But Julie got me thinking, all week in fact. This time of year for moms can be downright stressful. Saying goodbye and finishing anything well always is. And saying goodbye to an entire school year with your kids takes a lot of time, focus, and energy. On top of that, the new season of summer looms on the horizon, and a blank slate stares at moms in the face, waiting to be filled in whatever way we think our family needs. No pressure.
But there is pressure. And that’s what Miss Julie picked up on. I often travel through life, especially this time of year, with a low level of continually burning stress. Through every appointment or conversation, I am present in body but my mind is running a million different directions sorting through every list on my desk and in my head. I constantly fight feeling behind or like I will never catch up. So at rare moments when I am just sitting, like I was doing during Mia Grace’s appointment, to focus my stress, to help my out-of-control feel more in-control, I hold things in my hands, or in this case, press the heck out of a plastic necklace.
There has got to be a place for our stress to go that doesn’t have anything to do with plastic necklaces or what we can control with our hands. I am learning, more and more, that I have got to leave things in God’s Hands, especially during times of the year when I am more prone to stress.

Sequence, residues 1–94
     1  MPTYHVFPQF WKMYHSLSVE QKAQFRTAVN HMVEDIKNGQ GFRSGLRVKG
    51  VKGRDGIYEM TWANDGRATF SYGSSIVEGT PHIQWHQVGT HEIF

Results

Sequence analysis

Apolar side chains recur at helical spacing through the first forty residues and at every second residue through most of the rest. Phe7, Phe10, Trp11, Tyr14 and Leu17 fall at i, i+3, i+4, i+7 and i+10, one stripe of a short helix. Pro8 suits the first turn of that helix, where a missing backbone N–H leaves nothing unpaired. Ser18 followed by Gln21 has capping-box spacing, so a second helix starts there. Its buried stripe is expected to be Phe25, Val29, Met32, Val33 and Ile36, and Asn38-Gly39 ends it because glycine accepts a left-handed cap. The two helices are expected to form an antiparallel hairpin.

My husband, Jason, was teaching on Sunday morning about taking big risks for God. Taking risks to love other people well, to forgive when you don’t want to, to reach out and bless someone with a kind word…because people are dying all around us for a touch, for a word, and for us to be risk takers in this area of love and kindness in the Name of Jesus.
My tendency when the word “risk” is mentioned is to start thinking about risking all of our finances and giving everything away to the poor, risking all of my community and moving to India to share the Gospel, or risking my life and moving to the Middle East. But in the quiet of that moment in Sunday School, the Lord whispered to my heart, “What about risking all of your stress and putting it in My Hands? What if your greatest risk this week began with really trusting Me?”